Over the last couple of years, the Puerto Rican artist and producer Mora has spent months playing back-to-back shows in Europe, getting to know completely new countries and soaking in sounds wherever he went. One place that he immediately connected with was the island of Ibiza, where deep house blends and dreamy Balearic beats pumped up dancefloors at all hours of the night.
“As soon as I was done with my tour, I was like, ‘I’m going back to Ibiza,'” he tells Rolling Stone. The 26-year-old artist, whose real name is Gabriel Mora Quintero, returned to the island and spent about four weeks there. He made music the entire time and before he knew it, he had a new album that he decided to call Paraíso. “It’s a party vibe,” he says. “It’s a higher BPM, it’s faster, its more danceable. It’s really different to what I’ve done before.”
It’s his second release this year, following his sophomore effort Microdosis. That LP, released in April, solidified his reputation as an alt-minded renegade who playfully smashed together tropical, electronic, and reggaeton-influenced styles and moody lyricism. In between, Mora has been performing all over the world, making 2022 one of his busiest and most creative periods yet. When he catches up with Rolling Stone, he’s still reeling from an October homecoming show at Puerto Rico’s Coca-Cola Music Hall, where he brought out a slew of stars that included Bad Bunny, Sech, Tommy Torres, and Eladio Carrión. “It’s different when you’re from Puerto Rico,” he says. “They give you so much enthusiasm because they’re your people. You get more nervous, but everything went well, and we crushed it.”
Mora has been a central fixture in the Latin music industry for a while. He got his start as a producer — he has credits on Bad Bunny’s YHLQMDLG and Un Verano Sin Ti, and he also helped write the mega-hit “Dakiti.” He made his debut as a solo artist with 2021’s Primer Dia De Classes, a surprisingly tender collection of nostalgic reggaeton and mopey trap songs that explored heartbreak and longing.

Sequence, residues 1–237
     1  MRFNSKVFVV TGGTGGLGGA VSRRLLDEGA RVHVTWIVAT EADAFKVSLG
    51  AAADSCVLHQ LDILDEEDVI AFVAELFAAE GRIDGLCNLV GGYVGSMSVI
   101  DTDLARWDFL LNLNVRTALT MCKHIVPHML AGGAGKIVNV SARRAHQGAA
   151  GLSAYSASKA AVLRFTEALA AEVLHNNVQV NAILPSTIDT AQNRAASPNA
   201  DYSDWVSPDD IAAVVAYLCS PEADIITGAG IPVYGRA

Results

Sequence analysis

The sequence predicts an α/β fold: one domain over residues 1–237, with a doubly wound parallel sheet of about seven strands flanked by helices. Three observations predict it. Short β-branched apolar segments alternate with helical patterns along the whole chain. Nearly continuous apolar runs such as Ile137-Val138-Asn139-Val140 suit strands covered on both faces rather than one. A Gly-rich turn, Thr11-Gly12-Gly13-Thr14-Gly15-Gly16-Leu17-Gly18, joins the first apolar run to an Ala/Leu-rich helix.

But working behind the scenes and constantly brainstorming new styles are production habits that never left him — and ultimately, they influenced what’s on Paraíso. “To tell the truth, I’ll always be a producer. I cant see it like ‘I’m a producer or I’m a singer or I’m a composer.’ I just make music,” he says. “One day I wake up and I want to make tracks, the next day I want to write, the next day I want to sing. I don’t like to divide it.”
Mora has a regular stable of producers he turns to for his solo projects, including the rising wunderkind Elikai, but helms and directs each of his songs, and he guided the floor-pounding ecstasy of Paraíso. A few songs came out of his collaborations with other artists: The woozy ballad “Cositas,” which features sad-girl perreo ambassador Paopao, came together after the two linked up in a studio to work on the remix for her track “Algo Asi.” And the slow-winding “Airbnb” is something Mora had recorded about two years and eventually sent to reggaeton veteran De La Ghetto. “When he sang it and sent it back to me, I couldn’t help it,” he says. “I said, ‘I’m gonna release this on the album.”
Then there’s “Domingo De Bote,” an electric ball of energy that started as a track Mora and Elikai had sent Bad Bunny. The superstar was intrigued by it, but had a couple of his own ideas. “Benito was like, ‘This is wild, but instead of the electro-pop percussion, let’s add reggaeton drums to it,'” Mora says. “I said, ‘My man, this has a BPM of 125. The fastest reggaeton beat out there is like 110, 115. This is insane.” Mora found a way to make it work, and he loved it so much that a few months later, he reached back out to Bad Bunny. “I said, ‘Did you end up doing anything with that track?’ And he said, ‘It’s yours.'”
House and electronic sounds have been enticing a growing number of reggaeton and urbano artists in recent years, with smashes such as “Dakiti” and Farruko’s “Pepas” becoming mainstays on the charts. Though Mora had a hand in the first track, he’s quick to point out that he’s drawing from a lengthy history. “Electronic music has always been around… it’s been big with songs like Wisin Y Yandel’s ‘Sexy Movimiento,'” he notes. “But I do think people released it sometimes and didn’t understand it.” He hopes Paraíso gets listeners more acquainted with these sounds and shows how much production potential there is in the music.
Mora is still touring with Microdosis, but he’s envisioning major rave-style shows when he takes Paraíso on the road. He’s not trying to get ahead of himself, though. “I like to go with the flow, and I don’t like to make plans too in advance,” he says. Right now, he’s happy with just how far he pushed himself on this album. “Everything I’ve wanted to try, I did on this album,” he says. “I’ll see what I ant to experiment with, but I did exactly what I wanted to do.”